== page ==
Saturday, November 14, 2009

A Note About Glee

I watch it. I watched it this week with Sara, who asked, Mom, are you going to blog about this? (as I had my face buried in a pillow, sobbing, when Sue went to visit her sister).

I love Sue Sylvester. She is the best character on television. Maybe ever.

I love Mr. Schuester and his mash-ups, Kurt and his dad, sweet Finn, the Cheerios, the hot guy with the mohawk :)...all of it. With the exception of the pregnancy story lines, and the show not being appropriate for young teens--who are watching in large numbers (I have to censor quite a bit with Sara)--there isn't much I don't like.

People have been talking about Glee all fall, and while some people can't get enough of it, others are critical. The show is meant to get people talking...and thinking. The people behind the show know just what they're doing. That became clear in this week's episode. (Click here for a review of the show.)

Regardless of gender, level of ability, social strata, sexual preference, diagnosis, age (and so on), all people are people first, and want to be treated like everyone else.

In life, just as in high school, people form opinions about others without all the information, without truly understanding all the facts. All people want--and deserve--to be seen, and to be treated with compassion.

*This week's show featured two actresses with Down syndrome. I know many people in the Ds community were aware of this prior to the show and watched because of that. Like most everyone else, I was curious how Ds would be portrayed, and how it fit into the story. It was hard for me to see that Sue's sister was in a nursing home, and I didn't love that others (without personal experience with Down syndrome) might assume that all people with Ds end up in nursing homes, or remain child-like and dependent. (The relationship between the sisters was genuine and touching, though, so my emotions were all over the place...hence, the sobbing...hard to process.) The younger character with Ds was a vibrant teenager, perhaps to show another aspect of life with Down syndrome today (I do wish she would have had her own money to buy the darned cupcake). As with everyone else, there is enormous diversity within the Ds population. Both characters are realistic and representative of individuals with Down syndrome. It will be interesting to see where they go with this.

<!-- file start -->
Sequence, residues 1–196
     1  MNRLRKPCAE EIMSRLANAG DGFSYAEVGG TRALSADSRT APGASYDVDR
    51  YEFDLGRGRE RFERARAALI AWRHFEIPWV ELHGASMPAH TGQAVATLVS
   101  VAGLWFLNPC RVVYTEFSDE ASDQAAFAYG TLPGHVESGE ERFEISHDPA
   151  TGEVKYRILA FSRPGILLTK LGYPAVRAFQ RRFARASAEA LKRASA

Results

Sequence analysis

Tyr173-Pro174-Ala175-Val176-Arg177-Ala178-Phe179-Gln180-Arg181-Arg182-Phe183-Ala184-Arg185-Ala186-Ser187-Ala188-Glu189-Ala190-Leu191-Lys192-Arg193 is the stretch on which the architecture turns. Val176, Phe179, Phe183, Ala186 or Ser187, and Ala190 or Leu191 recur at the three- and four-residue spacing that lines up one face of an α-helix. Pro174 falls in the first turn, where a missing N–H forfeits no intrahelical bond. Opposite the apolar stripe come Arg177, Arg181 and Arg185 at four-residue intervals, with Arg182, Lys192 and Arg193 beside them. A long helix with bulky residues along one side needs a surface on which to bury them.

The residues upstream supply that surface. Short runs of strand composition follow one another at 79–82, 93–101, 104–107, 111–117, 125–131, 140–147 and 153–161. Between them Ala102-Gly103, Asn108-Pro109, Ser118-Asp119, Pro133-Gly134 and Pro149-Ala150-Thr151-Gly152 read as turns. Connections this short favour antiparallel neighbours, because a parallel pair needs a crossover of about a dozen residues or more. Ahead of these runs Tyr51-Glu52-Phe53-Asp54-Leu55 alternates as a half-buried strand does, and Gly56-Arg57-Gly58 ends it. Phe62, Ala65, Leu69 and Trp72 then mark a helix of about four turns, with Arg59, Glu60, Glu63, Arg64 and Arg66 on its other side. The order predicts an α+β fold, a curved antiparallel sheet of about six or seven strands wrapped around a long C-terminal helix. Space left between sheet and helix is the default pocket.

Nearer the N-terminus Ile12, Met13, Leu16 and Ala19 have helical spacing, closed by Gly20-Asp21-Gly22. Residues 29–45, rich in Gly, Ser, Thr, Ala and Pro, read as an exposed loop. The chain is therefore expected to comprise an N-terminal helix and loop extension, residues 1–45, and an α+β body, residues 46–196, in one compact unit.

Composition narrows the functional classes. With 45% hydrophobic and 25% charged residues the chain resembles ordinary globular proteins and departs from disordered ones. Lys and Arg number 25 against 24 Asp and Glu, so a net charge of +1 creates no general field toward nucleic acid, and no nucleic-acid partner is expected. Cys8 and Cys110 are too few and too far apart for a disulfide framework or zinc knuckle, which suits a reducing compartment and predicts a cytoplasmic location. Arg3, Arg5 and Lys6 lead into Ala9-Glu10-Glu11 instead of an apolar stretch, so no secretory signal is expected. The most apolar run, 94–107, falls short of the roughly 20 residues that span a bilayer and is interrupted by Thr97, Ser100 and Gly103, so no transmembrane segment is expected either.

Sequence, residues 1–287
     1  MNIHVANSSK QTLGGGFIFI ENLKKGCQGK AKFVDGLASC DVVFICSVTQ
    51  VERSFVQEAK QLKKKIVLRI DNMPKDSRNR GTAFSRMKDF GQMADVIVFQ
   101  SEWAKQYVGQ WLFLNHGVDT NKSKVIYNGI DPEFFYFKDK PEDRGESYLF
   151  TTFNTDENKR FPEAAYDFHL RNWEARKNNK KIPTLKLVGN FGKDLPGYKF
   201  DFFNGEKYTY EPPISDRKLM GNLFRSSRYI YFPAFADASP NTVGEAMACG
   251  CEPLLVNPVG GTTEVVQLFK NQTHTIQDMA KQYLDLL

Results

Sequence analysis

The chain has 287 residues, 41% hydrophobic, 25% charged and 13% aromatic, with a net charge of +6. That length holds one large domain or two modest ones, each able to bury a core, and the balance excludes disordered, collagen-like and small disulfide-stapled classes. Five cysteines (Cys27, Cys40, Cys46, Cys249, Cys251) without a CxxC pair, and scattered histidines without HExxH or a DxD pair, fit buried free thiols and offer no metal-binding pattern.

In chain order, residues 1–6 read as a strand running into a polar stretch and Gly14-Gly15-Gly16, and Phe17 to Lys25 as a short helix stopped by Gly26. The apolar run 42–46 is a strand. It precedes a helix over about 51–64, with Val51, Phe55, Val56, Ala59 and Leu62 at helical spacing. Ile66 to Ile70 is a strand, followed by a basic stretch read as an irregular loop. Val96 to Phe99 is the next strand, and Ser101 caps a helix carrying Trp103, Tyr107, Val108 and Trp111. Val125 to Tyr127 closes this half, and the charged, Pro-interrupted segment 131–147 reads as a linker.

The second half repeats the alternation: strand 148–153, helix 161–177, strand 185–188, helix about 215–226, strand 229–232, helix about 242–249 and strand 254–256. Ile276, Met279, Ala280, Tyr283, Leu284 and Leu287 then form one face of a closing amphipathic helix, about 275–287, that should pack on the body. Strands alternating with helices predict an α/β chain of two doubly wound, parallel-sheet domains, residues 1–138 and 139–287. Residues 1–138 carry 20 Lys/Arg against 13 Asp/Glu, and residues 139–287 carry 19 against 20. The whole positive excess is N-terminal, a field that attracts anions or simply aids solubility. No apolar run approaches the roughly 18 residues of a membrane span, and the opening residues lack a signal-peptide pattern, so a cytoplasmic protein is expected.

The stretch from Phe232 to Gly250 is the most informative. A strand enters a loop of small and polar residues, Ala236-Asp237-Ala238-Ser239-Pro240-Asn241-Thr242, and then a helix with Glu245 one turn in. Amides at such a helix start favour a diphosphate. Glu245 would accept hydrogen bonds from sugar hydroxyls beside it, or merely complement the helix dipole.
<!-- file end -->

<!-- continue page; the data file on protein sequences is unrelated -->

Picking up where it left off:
1. Lisa, loved your post. I too am an avid watcher and thought about posting something about this weeks episode. There have been moments where they have caught me off guard but I love the characters, the rawness, the truth behind them. I am a fan like you.

    Hope you guys are all well.

  2. Saw it, loved it, lots of interesting conversations. I cried too... hard to know why. I'm sure my daughter has a wonderful spot in the world but it is hard knowing how hard it might be ahead of time.

  3. Love your thoughts. Thank you for blogging about it. All is all I totally agree with you. I too worried about them showing a very dependent sister in a nursing home situation but hey, that's real life too sometimes. It's not always a pretty picture. But what was beautiful was them holding hands and sharing a very special moment...I'm tearing up just thinking about it.